Congress's Missteps Could Weigh Down Republican Candidates
When the Republican-run Congress convened in January, Senator Cory Gardner, a Colorado freshman, said his party's task was to show it could govern "responsibly" and "maturely."
House Speaker John Boehner and Senate Majority Leader Mitch McConnell agreed. As Congress prepares to leave for its August recess, accomplishments, along with maturity, have been in short supply during the first 200 days of the 114th Congress.
Partisanship is pervasive in Washington; much of the problems besetting Boehner and McConnell, however, result from deep divides within their party. The shortcomings include:
- A stalemate on a long-term transportation/infrastructure measure that most agree is essential. While they approved a short-term fix to ensure that projects don't dry up, House and Senate Republicans publicly demeaned the efforts of the other chamber; their private criticism is unrepeatable in polite company.
- Senator Ted Cruz of Texas accused McConnell of telling a "flat-out lie." The majority leader then denied Cruz an opportunity to offer an amendment on the floor.
- Mark Meadows, a backbench House member from North Carolina, filing a motion last month asking Speaker Boehner to "vacate" his post. It was a silly, symbolic gesture, but the first such move in 105 years.
- A reneging on promises to offer comprehensive alternatives to the Affordable Care Act and immigration reform. Both the House and Senate again staged futile votes to repeal Obamacare while offering no replacement; there was nothing on immigration.
Looming over the return of lawmakers in September are fights over government funding and raising the debt ceiling; the right wing is licking its chops at the prospect.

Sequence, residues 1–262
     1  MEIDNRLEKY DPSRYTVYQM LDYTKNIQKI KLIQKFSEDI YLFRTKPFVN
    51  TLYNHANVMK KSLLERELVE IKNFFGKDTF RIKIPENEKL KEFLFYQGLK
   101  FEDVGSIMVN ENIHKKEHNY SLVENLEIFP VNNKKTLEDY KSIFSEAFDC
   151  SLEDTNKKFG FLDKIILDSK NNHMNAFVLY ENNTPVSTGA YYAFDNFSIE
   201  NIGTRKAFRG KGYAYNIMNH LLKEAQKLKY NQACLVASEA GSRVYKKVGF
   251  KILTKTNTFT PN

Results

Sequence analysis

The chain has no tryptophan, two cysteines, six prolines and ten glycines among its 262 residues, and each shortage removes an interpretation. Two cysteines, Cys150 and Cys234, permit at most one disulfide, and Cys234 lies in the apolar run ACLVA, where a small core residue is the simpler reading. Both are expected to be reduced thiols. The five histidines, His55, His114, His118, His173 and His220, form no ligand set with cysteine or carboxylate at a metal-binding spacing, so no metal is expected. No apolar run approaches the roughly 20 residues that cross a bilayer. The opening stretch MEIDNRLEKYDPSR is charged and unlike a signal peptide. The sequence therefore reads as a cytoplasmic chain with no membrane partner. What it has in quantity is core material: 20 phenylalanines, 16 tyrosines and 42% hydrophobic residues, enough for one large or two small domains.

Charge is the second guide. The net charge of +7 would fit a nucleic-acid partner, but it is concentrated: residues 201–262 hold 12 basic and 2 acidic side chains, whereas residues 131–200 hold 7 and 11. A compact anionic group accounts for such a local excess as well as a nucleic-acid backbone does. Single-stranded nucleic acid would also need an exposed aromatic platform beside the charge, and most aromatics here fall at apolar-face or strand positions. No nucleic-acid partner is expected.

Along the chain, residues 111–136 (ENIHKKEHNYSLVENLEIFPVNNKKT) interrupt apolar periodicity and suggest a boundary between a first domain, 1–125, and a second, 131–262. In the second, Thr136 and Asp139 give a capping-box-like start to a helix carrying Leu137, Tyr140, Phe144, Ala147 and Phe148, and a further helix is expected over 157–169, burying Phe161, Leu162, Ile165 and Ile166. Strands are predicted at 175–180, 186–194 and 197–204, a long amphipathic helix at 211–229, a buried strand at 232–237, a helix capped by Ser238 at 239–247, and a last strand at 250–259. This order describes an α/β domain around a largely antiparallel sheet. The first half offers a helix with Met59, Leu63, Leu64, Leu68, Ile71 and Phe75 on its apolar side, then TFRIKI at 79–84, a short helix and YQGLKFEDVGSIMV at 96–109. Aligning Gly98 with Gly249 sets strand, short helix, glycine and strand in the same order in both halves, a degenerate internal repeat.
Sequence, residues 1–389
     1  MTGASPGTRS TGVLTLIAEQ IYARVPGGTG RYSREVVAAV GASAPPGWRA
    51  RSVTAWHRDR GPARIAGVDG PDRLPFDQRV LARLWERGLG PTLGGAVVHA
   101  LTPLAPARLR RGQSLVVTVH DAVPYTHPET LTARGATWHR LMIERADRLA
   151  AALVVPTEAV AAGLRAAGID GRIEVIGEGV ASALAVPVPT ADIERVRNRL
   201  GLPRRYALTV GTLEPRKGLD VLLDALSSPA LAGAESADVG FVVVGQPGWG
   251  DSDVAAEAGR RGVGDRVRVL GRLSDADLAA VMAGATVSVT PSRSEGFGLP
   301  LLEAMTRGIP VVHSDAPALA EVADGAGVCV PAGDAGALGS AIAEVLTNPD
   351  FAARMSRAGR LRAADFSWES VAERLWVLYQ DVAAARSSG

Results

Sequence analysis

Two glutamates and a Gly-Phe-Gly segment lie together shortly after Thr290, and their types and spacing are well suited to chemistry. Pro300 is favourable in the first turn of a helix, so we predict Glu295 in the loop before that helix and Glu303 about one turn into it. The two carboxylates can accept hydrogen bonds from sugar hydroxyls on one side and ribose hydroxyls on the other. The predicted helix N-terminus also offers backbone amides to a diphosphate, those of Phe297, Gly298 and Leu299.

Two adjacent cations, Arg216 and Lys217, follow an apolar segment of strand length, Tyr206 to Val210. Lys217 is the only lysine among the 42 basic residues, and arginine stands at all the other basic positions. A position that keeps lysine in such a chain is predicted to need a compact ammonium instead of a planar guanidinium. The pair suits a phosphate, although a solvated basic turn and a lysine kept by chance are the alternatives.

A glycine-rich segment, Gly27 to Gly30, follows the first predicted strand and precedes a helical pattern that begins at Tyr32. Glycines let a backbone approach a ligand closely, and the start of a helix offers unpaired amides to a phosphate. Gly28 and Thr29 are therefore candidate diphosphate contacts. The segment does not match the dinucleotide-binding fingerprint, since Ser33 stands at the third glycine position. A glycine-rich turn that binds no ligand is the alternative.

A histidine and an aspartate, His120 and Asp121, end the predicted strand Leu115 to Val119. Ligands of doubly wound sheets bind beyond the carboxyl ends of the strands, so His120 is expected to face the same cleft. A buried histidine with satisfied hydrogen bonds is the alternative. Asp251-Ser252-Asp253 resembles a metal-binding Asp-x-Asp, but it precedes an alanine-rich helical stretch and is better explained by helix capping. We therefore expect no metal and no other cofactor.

There have been successes: A government shutdown was avoided, trade promotion authority was passed -- though if there's a Trans-Pacific Partnership trade deal later this year, it could be sidetracked by an internal Republican fight over the U.S. Export-Import Bank. In addition, a bipartisan education bill that cleared the Senate with impressive support must be reconciled with a partisan House measure.
Contrary to expectations that he would be a lame-duck, President Barack Obama has dominated Washington politics in the first half of the year, and the congressional Republican majority has often appeared reactive or reactionary.
There is considerable fear among leading Republicans about the funding fights. Conservatives, the rank and file in the House, along with presidential contenders in the Senate, are threatening a government shutdown unless Planned Parenthood is defunded; the concessions that will be demanded for raising the debt ceiling will be greater. Obama, feeling empowered by having no more elections to win, has no intention of bowing to these conservative challenges.
Washington was incensed by Cruz's language and Meadows's action. But Meadows' office says the outpouring of reaction to his anti-Boehner call was 99 percent favorable. And grassroots Iowa conservatives praised Cruz for taking on a congressional leader.
Top Republicans fear the rise of Donald Trump's presidential candidacy; his attacks on immigrants and trade only exacerbate the party's internal difficulties.
At private sessions in the Capitol, establishment Republicans, including some congressional leaders, realize they can't drive Trump from the race and he may not crater soon. They are considering putting pressure on some of the second-tier candidates to bow out because the real estate mogul might be more vulnerable in a smaller field. That's likely a quixotic mission and hope.
The poor performance of a congressional party has sometimes helped an eventual nominee: Ronald Reagan in 1980 and Barack Obama in 2008. Congressional antics in 2011-12 probably marginally hurt Mitt Romney in the last presidential election.
If Boehner and McConnell are able to avoid a disaster -- a shutdown or debt default -- and pass a highway bill, along with the Pacific trade deal and a few measures next year, any adverse consequences for the party's standard-bearer could be neutralized. If not, the once bright prospects of a Republican Congress will be an albatross for the party.
This column does not necessarily reflect the opinion of the editorial board or Bloomberg LP and its owners.
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